In order for security agencies to effectively deliver on their disaster and pandemic response mandates, governments will need to invest in further building their capacity with regards to disaster risk reduction, preparedness and relief efforts. Most likely, security agencies’ mandates and SOPs for providing domestic support for relief efforts are going to be re-assessed and strengthened.

At the same time, the economic costs of Covid19 are most likely going to impact the availability of public funds, cutting aid budgets and debt relief funds. Increasing pressures on government spending presents an opportunity for more transparent management of public finances in general, and of security budgets in particular to make them more transparent, include them in the regular budgeting processes and open them to higher parliamentary and public scrutiny.

Move towards community-based approaches

At the practical level, these developments might mean a window of opportunity to move security sectors towards more community-centered approaches, such as community policing, investing in outreach and communication efforts, working closely with instruments such as community security councils and building up capacities for de-escalating riot control strategies and crowd management.  Overcrowded prisons and early release of prisoners presents an opportunity to rethink the penal justice system and move from punitive to rehabilitative justice mechanisms.

To make these community-based approaches work, it is essential to strengthen the security sector’s ability to engage and positively reinforce existing relevant capacities within the community. Engaging with traditional leaders, religious authorities and CSOs can ensure the maintenance of basic security and justice services for the community, such as through grass-roots justice mechanisms and  community-based policing. It can also support securing non-state actors’ buy-in for the State’s Covid19-related response measures and make social distancing, for example, much more effective.


What ISSAT is currently working on

Building the new Business Case for SSR through synergies and empirical evidence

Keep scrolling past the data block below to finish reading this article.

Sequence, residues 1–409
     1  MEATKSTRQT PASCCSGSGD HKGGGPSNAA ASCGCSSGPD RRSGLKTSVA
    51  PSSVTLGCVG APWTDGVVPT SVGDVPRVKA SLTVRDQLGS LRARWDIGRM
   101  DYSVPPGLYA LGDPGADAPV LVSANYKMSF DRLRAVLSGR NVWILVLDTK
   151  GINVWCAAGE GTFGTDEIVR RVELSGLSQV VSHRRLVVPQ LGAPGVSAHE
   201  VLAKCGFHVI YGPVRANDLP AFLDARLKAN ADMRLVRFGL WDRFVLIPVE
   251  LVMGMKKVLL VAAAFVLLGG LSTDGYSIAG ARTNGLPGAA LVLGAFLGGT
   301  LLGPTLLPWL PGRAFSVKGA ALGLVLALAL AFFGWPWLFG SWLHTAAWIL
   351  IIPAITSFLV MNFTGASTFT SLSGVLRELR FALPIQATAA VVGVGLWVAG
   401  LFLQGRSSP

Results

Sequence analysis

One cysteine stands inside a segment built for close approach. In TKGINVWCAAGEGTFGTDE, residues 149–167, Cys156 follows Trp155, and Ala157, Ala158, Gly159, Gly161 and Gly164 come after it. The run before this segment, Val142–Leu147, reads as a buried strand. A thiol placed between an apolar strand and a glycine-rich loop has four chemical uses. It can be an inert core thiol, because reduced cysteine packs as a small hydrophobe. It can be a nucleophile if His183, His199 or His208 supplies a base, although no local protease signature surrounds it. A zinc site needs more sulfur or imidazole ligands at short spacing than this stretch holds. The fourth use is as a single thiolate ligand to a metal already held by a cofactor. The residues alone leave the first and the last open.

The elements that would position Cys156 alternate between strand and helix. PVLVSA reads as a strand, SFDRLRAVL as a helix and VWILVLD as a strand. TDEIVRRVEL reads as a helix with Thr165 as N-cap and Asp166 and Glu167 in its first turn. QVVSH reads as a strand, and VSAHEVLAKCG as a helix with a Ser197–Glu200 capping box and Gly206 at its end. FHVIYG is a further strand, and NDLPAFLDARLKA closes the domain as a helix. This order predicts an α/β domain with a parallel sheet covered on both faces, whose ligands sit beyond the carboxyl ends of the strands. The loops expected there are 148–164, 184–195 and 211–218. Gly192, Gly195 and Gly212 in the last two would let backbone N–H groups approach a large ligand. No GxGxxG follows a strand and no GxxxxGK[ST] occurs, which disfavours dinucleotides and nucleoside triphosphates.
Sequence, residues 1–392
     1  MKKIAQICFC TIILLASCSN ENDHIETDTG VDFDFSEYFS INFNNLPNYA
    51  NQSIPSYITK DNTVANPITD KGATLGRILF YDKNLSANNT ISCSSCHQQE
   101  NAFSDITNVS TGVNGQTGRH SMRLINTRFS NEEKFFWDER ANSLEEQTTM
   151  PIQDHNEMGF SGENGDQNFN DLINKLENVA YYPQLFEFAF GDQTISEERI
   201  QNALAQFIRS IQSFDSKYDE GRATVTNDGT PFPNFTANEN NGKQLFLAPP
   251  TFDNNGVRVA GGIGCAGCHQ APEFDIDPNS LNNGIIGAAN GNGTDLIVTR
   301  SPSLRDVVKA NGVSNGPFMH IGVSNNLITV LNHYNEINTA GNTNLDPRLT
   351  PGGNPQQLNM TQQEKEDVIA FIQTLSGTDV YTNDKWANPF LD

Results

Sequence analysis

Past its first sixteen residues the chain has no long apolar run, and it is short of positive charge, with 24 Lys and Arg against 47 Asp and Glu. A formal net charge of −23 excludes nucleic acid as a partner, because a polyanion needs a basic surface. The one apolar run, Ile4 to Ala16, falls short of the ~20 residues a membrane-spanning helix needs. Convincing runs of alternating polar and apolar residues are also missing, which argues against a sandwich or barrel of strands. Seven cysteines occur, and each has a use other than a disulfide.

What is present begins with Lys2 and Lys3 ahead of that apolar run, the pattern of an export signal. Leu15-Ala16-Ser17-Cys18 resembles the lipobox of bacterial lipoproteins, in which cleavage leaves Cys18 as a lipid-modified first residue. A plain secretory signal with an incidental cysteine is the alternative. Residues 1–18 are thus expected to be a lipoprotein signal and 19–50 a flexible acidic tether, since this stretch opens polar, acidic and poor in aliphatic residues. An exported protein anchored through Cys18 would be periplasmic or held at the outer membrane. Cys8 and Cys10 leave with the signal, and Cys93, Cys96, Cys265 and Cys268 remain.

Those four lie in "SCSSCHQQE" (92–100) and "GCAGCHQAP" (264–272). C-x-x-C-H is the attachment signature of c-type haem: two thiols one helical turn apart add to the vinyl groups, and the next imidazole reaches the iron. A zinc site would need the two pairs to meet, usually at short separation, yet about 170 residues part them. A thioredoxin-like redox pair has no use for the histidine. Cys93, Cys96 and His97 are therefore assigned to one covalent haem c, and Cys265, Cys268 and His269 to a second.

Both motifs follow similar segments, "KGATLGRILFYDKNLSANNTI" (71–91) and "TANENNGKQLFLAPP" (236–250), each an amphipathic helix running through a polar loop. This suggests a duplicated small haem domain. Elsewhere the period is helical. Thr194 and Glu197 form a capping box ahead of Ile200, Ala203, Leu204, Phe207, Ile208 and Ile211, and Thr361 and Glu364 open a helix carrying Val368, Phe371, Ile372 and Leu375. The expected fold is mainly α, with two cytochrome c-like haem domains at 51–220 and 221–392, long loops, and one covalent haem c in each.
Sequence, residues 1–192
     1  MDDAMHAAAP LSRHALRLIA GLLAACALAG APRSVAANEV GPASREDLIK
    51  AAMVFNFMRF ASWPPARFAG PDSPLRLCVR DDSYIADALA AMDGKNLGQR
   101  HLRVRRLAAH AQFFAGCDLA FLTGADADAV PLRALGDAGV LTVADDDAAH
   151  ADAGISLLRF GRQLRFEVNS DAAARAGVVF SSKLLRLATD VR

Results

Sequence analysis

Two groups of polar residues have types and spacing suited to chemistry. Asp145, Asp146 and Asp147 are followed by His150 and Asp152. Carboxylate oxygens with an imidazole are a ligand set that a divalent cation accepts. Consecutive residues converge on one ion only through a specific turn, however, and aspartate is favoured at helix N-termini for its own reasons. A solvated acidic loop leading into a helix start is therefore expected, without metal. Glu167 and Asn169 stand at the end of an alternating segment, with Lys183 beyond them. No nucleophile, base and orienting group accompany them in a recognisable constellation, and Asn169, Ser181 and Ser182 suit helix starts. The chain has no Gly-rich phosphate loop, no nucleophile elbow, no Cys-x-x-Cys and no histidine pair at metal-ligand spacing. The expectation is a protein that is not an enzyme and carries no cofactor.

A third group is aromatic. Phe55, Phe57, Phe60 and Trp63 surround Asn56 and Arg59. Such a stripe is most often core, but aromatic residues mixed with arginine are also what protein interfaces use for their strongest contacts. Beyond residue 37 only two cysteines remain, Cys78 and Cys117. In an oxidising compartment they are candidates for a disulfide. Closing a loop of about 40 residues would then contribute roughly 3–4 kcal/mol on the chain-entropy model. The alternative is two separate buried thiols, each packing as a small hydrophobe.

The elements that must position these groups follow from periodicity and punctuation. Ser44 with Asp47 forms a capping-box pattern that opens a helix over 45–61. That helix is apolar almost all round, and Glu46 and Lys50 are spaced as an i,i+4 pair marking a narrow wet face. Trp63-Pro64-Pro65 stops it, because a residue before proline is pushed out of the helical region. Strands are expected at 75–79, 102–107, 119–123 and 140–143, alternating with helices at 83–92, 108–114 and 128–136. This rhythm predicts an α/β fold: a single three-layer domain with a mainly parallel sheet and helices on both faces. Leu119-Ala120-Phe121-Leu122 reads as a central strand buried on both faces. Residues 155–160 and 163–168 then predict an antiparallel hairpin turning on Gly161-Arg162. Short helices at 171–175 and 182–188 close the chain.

Aid budgets are expected to decrease due to the anticipated economic recession, post Covid-19.  Security, justice and governance programming needs to be able to remain relevant to current challenges and pool resources, maximizing synergies wherever possible. ISSAT has been exploring, as reflected in this blog, possible areas where optimal synergies for SSR programming can be achieved. It is also finalizing work on providing its Members with advice and programmatic-level recommendations on SSR and Disaster Risk Reduction, SSR and Mediation and SSR and civilian capacities.

Moreover, ISSAT’s efforts in recording empirical and experience-based evidence for what works in the areas of security, justice and governance reform will be ever more important to reflect what achievements have reform made to date and feed into the New Business Case for SSR. ISSAT has been working on providing guidance on field-tested methodologies as well as the development of a M&E framework including indicators that will assist donors to design, track and evaluate effective programs and encourage learning on SSG/R contribution to building resilient, responsive and sustainable security and justice systems.

Innovative approaches to data collection and programming

With the security situation in many regions likely to further deteriorate, ISSAT has also been brainstorming innovative methodologies and tools on how to maintain continued support to field-level engagements with travel becoming limited or impossible. These include launching new methodologies previously more commonly used in the business community as design thinking. Design thinking explicitly aims to keep the focus on an end-user’s needs in design processes, when it is impossible to include the users themselves. Therefore, when designing projects with limited ability for interaction with the security needs of populations, design thinking methodologies can -to a certain extent- compensate for that. Additionally, ISSAT is exploring approaches such as investing in partnerships with local organizations, remote data collection methodologies such as participative M&E and scaling up e-learning opportunities. We’d be happy to share innovative ideas and emerging good practices!

Conclusion: SSR as an opportunity to keep human security at the center of pandemic response efforts

In the midst of the Covid19 crisis and its aftermath, all responses to the pandemic and subsequent capacity building and reforms need to stay focused on the main objective of SSR, protecting and ensuring human security. Especially in such times of emergency, robust accountability and  oversight mechanisms are needed to ensure civilian control, adherence to codes of conduct and human rights standards, and enable a legitimate and inclusive modus operandi for the security sector.

This will fully maximize SSR’s potential to prevent conflict and build peace, and has the potential to mitigate some of the new and additional challenges and risk factors to peaceful societies stemming from the global Covid19 pandemic.

Again, we invite all our partners and members of the community of practice to join this discussion through comments below as well as engaging with us on social media Twitter @issat_dcaf  #SSR4peace.